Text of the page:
Facing shortages of the N95 masks needed by health-care workers, the U.S. surgeon general announced on Feb. 29 that masks “are NOT effective in preventing general public from catching #Coronavirus,” despite significant scientific evidence to the contrary. This is not just a problem in the United States: Even the World Health Organization says, “you only need to wear a mask if you are taking care of a person with suspected 2019-nCoV infection.”
There are good reasons to believe DIY masks would help a lot. Look at Hong Kong, Mongolia, South Korea and Taiwan, all of which have covid-19 largely under control. They are all near the original epicenter of the pandemic in mainland China, and they have economic ties to China. Yet none has resorted to a lockdown, such as in China’s Wuhan province. In all of these countries, all of which were hit hard by the SARS respiratory virus outbreak in 2002 and 2003, everyone is wearing masks in public. George Gao, director general of the Chinese Center for Disease Control and Prevention, stated, “Many people have asymptomatic or presymptomatic infections. If they are wearing face masks, it can prevent droplets that carry the virus from escaping and infecting others.”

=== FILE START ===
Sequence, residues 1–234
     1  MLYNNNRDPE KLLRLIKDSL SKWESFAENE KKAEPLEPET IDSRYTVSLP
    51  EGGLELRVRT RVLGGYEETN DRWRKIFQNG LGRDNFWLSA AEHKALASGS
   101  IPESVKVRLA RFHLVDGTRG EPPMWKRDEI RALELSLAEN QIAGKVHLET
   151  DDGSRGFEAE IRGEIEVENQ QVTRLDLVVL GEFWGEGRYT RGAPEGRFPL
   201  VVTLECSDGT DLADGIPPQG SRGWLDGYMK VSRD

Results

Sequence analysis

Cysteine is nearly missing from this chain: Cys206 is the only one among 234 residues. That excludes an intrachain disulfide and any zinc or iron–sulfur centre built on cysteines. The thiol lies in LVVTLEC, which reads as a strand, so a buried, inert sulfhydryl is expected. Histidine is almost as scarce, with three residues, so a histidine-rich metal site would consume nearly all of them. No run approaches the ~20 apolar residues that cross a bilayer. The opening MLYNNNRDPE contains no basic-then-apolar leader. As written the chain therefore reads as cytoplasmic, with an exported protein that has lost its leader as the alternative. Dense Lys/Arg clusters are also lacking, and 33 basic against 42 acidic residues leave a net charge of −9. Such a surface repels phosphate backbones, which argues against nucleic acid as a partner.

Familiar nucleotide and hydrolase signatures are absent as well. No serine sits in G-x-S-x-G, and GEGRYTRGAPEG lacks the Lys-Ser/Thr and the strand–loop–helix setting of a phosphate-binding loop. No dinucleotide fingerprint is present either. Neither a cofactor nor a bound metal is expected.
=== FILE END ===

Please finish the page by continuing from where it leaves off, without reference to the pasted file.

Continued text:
My data-focused research institute, fast.ai, has found 34 scientific papers indicating basic masks can be effective in reducing virus transmission in public — and not a single paper that shows clear evidence that they cannot.
Studies have documented definitively that in controlled environments like airplanes, people with masks rarely infect others and rarely become infected themselves, while those without masks more easily infect others or become infected themselves.
Masks don’t have to be complex to be effective. A 2013 paper tested a variety of household materials and found that something as simple as two layers of a cotton T-shirt is highly effective at blocking virus particles of a wide range of sizes. Oxford University found evidence this month for the effectiveness of simple fabric mouth and nose covers to be so compelling they now are officially acceptable for use in a hospital in many situations. Hospitals running short of N95-rated masks are turning to homemade cloth masks themselves; if it’s good enough to use in a hospital, it’s good enough for a walk to the store.